This is a more unusual symbol although hands often feature as motifs in cemeteries usually in the more familiar clasped hands..
The Pointing Finger is usually one finger, the index one, pointing upwards or downwards. On the three that I saw, it was the right hand that was being depicted with the remaining fingers and thumb turned down into the palm. I have yet to see the downward pointing version but rest assured that it doesn’t indicate that the departed is going ‘down below’ or to Hell. Instead it can signify an untimely, sudden or unexpected death. As you’ve probably already guessed, the upwardly pointed finger is meant to reassure the grieving family that their loved one has ascended to Heaven and has received the reward of the righteous.
However, I found these three lovely examples in Beckenham Cemetery during a recent visit, much to my surprise, and they made me wonder why it isn’t more popular. In all of these the pointing finger and hand are surrounded by flowers.
The first one is to John James Lumsden who died on 25 November 1903 aged 63. It’s very well carved with a daffodil on one side of the hand and two sprays of Lily of the Valley flanking the hand. When I first saw it, a thick branch of ivy obscured the flower on the other side of the daffodil. But on a return visit in January 2017 the branch had been trimmed back and a rose with one full blown bloom and a bud was now visible again. The bud is significant as it often appears on childrens graves to symbolise a life unlived, that never fully bloomed and was ‘nipped in the bud.’ But not on this one.
In floriography or the language of flowers the daffodil is an important representation of resurrection.This is because of its association with Easter, rebirth and renewal. The Lily of the Valley is also associated with Spring as its month is May. Other qualities that the Lily represents are chastity, purity and the return of happiness. It’s mentioned in The Song of Solomon 2.1
‘I am the rose of Sharon
And the lily of the valley.’
There’s also the legend that Mary’s tears turned into the lily of the valley at the exact spot when she cried at the Cross so an alternate name for the flowers is ‘Mary’s tears.’ The Lily is also meant to have healing powers and has other nicknames such as ‘Jacob’s Tears’ and ‘the ladder to heaven’.
This is to Charles Henry McKay who died on 1 November 1910 at only 23 and was the only son of Charles and Ellen McKay as it states on the epitaph. Although the flowers surrounding the pointing finger and hand are the same here as on Lumden’s, on this one they are more stylised and 2D. They would have mourned his short life and unfulfilled ambitions. So there is an added poignancy to the rosebud as his was a life cut short. There is also the word ‘GONE’ carved on the cuff of the hand which emphasises that he has gone to a better place. It really stood out amongst its neighbouring grey stones so it may have been recently cleaned or restored.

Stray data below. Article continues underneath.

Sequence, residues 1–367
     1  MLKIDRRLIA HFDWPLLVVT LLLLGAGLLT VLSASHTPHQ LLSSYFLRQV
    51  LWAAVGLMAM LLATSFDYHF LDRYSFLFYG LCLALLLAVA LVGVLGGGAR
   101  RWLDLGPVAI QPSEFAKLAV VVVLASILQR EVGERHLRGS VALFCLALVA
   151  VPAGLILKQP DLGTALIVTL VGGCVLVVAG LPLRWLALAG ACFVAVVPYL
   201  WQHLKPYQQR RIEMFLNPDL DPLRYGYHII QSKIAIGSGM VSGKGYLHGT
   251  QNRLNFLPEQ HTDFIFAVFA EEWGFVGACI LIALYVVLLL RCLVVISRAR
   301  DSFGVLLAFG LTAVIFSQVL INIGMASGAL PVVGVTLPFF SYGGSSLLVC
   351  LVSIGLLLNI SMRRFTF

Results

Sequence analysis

There is a third memorial featuring the pointed finger which is in the same style as Lumsden’s but not as well kept. .This was to ‘Will, eldest son of William and Sarah Greenfield. Born 10 December 1874 died 1 August 1905’
Again, another memorial to a life cut short as Will died aged only 31.Three other members of the Greenfield family are also commemorated on the headstone.
To our eyes they could be seen as sentimental but I found them very touching with their aim to comfort those left behind through the use of flowers.
But here’s a mystery from my own local churchyard:
This is to a woman who died at 38 called Georgiana Margaret Barns and it has a pointing finger on the headstone. But instead of pointing upwards or downwards, it’s pointing to the left and apparently into thin air. The hand appears to have a woman’s lacy cuff and I noticed that, although her husband’s dates are also recorded, he isn’t actually buried there. Instead he lies in Hilderstone churchyard in Stafford. He died at 76 nearly 20 years after his wife. Is the finger pointing towards his resting place? Is it a personal symbol known only to them? I found a few details about them online but not much more so I am intrigued and mystified by this one.
I have to admit that The Pointing Finger symbol does remind me a little of a palmist drawing of the hand but in the ones that I’ve seen it’s also very decorative and moving.
Text and photos Carole Tyrrell otherwise stated.